Wednesday, 25 September 2013

Review: Fangirl by Rainbow Rowell

Fangirl by Rainbow Rowell

Publication Date:
September 10th, 2013
Publisher: St. Martin's Press
Pages: 433
Source: Purchased
Rating: 5/5
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Cath is a Simon Snow fan.

Okay, the whole world is a Simon Snow fan . . .

But for Cath, being a fan is her life — and she’s really good at it. She and her twin sister, Wren, ensconced themselves in the Simon Snow series when they were just kids; it’s what got them through their mother leaving.

Reading. Rereading. Hanging out in Simon Snow forums, writing Simon Snow fan fiction, dressing up like the characters for every movie premiere.

Cath’s sister has mostly grown away from fandom, but Cath can’t let go. She doesn’t want to.

Now that they’re going to college, Wren has told Cath she doesn’t want to be roommates. Cath is on her own, completely outside of her comfort zone. She’s got a surly roommate with a charming, always-around boyfriend, a fiction-writing professor who thinks fan fiction is the end of the civilized world, a handsome classmate who only wants to talk about words . . . And she can’t stop worrying about her dad, who’s loving and fragile and has never really been alone.

For Cath, the question is: Can she do this?

Can she make it without Wren holding her hand? Is she ready to start living her own life? Writing her own stories?

And does she even want to move on if it means leaving Simon Snow behind?

*Sighhhh* I just can't think of a more perfect feeling for this book.
I don't want to write to much about this book because I think everyone should just pick it up. You don't need to read a detailed review, just experience this book. Fangirl was my third Rowell book this year (and unfortunately at this point I can't get my hands on anymore because that's all that's been published), and I've loved them all. Each of them have been totally different, which made me love them for different reasons. For Fangirl it was because I related so much with Cath.

Cath is starting her first year of college and as many of us can relate, it's a nerve wracking time. Cath isn't interested in any thing college has to offer, new friends, partying, boys, drinking, etc... She leans heavily towards the introvert side. And is pretty much happy being a recluse. What's even harder for her is that she's doing this without having her twin sister, Wren, velcroed to her. Wren wants to experience everything college is going to offer her. Which basically means she wants to be drunk off her ass every weekend. So needless to say, they're not rooming together and that is leaving a scar on Cath.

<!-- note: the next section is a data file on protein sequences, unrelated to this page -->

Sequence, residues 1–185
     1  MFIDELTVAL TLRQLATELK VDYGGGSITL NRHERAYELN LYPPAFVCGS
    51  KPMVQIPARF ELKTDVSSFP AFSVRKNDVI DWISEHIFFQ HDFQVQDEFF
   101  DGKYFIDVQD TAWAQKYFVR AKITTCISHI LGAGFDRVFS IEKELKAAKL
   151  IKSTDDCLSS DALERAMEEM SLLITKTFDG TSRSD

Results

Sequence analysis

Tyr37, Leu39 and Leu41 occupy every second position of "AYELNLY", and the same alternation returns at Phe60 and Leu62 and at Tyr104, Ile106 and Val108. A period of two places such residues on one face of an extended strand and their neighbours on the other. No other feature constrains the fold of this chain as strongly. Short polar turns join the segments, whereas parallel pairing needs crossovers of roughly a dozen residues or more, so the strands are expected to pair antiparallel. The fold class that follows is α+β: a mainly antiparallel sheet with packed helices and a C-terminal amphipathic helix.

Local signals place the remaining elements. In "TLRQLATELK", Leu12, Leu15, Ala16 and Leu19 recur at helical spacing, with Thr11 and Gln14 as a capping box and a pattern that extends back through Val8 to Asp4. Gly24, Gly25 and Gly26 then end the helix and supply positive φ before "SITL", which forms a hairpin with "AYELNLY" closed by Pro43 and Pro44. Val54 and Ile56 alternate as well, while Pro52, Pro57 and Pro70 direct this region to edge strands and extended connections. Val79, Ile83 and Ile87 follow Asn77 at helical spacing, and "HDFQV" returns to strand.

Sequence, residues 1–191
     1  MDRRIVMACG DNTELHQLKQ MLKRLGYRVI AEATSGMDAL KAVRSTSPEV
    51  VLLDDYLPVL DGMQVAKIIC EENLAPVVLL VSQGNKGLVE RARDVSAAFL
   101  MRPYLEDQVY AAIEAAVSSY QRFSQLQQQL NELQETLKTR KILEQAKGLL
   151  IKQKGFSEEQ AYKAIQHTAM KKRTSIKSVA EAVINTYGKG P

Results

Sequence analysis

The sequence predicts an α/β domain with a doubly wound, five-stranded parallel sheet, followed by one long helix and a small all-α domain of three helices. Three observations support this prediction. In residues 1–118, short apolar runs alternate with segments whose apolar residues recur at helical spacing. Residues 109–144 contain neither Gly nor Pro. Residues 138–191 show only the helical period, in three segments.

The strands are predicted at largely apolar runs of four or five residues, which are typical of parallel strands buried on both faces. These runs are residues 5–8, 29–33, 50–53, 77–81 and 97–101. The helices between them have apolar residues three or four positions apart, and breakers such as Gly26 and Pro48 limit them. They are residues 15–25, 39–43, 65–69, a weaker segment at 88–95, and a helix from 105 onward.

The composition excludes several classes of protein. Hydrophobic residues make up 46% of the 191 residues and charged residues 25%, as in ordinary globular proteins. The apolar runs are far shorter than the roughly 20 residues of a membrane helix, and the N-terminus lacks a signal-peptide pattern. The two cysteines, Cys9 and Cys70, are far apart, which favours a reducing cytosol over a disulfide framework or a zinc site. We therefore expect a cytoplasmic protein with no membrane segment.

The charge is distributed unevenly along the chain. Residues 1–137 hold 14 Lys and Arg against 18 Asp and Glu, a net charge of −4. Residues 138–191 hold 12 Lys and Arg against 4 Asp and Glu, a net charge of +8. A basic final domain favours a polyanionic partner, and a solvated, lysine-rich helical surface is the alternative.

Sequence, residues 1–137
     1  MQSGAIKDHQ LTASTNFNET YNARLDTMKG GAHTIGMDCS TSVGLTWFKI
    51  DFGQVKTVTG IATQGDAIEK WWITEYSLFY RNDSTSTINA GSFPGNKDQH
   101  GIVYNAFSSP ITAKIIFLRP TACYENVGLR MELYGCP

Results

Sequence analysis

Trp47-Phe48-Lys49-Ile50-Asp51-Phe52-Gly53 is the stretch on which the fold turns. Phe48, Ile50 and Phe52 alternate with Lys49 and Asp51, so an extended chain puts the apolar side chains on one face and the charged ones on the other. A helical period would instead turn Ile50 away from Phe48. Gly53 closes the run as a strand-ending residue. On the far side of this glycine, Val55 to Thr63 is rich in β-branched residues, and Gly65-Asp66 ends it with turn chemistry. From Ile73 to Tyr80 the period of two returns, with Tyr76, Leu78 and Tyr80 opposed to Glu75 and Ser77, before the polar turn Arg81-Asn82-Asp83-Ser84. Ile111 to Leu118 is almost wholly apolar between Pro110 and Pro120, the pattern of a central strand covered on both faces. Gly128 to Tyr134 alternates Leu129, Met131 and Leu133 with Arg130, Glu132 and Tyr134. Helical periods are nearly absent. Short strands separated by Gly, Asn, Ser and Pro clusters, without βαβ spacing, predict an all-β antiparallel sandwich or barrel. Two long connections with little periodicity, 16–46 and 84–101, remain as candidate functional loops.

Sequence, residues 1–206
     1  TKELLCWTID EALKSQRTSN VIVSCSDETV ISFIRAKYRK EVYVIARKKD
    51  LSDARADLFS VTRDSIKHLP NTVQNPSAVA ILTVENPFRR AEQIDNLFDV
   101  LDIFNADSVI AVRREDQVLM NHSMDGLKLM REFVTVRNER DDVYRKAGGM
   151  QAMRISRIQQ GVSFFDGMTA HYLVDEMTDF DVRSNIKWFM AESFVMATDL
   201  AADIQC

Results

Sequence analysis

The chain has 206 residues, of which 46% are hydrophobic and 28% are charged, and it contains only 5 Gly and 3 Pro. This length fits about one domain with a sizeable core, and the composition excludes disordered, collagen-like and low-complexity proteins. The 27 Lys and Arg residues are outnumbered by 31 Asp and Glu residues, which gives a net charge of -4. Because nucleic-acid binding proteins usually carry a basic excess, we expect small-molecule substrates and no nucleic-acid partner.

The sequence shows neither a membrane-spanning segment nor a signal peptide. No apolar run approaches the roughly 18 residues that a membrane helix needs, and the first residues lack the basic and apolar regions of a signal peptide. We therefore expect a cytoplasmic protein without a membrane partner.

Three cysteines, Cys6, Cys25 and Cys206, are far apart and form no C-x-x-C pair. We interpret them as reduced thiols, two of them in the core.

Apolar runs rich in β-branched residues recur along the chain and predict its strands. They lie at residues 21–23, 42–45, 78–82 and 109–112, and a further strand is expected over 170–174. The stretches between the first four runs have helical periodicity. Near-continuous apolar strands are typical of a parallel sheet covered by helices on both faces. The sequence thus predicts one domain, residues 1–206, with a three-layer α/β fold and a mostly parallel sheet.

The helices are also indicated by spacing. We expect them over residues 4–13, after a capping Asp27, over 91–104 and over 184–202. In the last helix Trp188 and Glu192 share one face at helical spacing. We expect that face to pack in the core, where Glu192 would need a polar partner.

I really, really loved Cath. I felt that she's comfortable in her own skin. That skin may be awkward and geeky. But she owns it.
We all have something we love that helps us escape everyday life, for me it's reading. For Cath it's writing fanfic. In that world, she's the star. Literally. She gets thousands and thousands of hits a day. It's her life. It's like getting a book published. Cath puts most of her time into it.
So we enter Simon Snow. A magical, fantasy book series, with a lot of nods to Harry Potter.
Fanfic is something I understand. I may never have written it, but I read a hell of a lot of it. So I appreciate that it was a whole separate side story. Fandoms are something a lot of us reading this book understand and participate in. There's a lot of passion there.

There is of course romance. And like Rowell's other two books, it's super cute. Levi is just a good guy. I adored him. He was there for Cath. He understood her. He supported her, helped her and pushed her to open up. Guh! You just have to experience their relationship to get it's full affect. 

Then there's Wren. No feelings lost there. She just spent more of the book pissing me off and Cath for that matter. She was one of those girls that went to college to party. Just stupid and annoying.

Cath's roommate Reagan was my fave. She's the boss. Massively snarky. Which made made me LOL at 90% of her dialogue. As much as Cath needed her as a friend, Reagan equally benefited from that relationship too. 

Rowell has this way of making you live the story. Like you're a ghost walking beside the characters. Not just reading it. It also can get a little pretentious, but that's what makes me love it. Her writing just flows perfectly together. Then you add in her realistic and relateable stories and it becomes glaringly obvious why she's easily becoming one of my favourite authors.

Happy reading!


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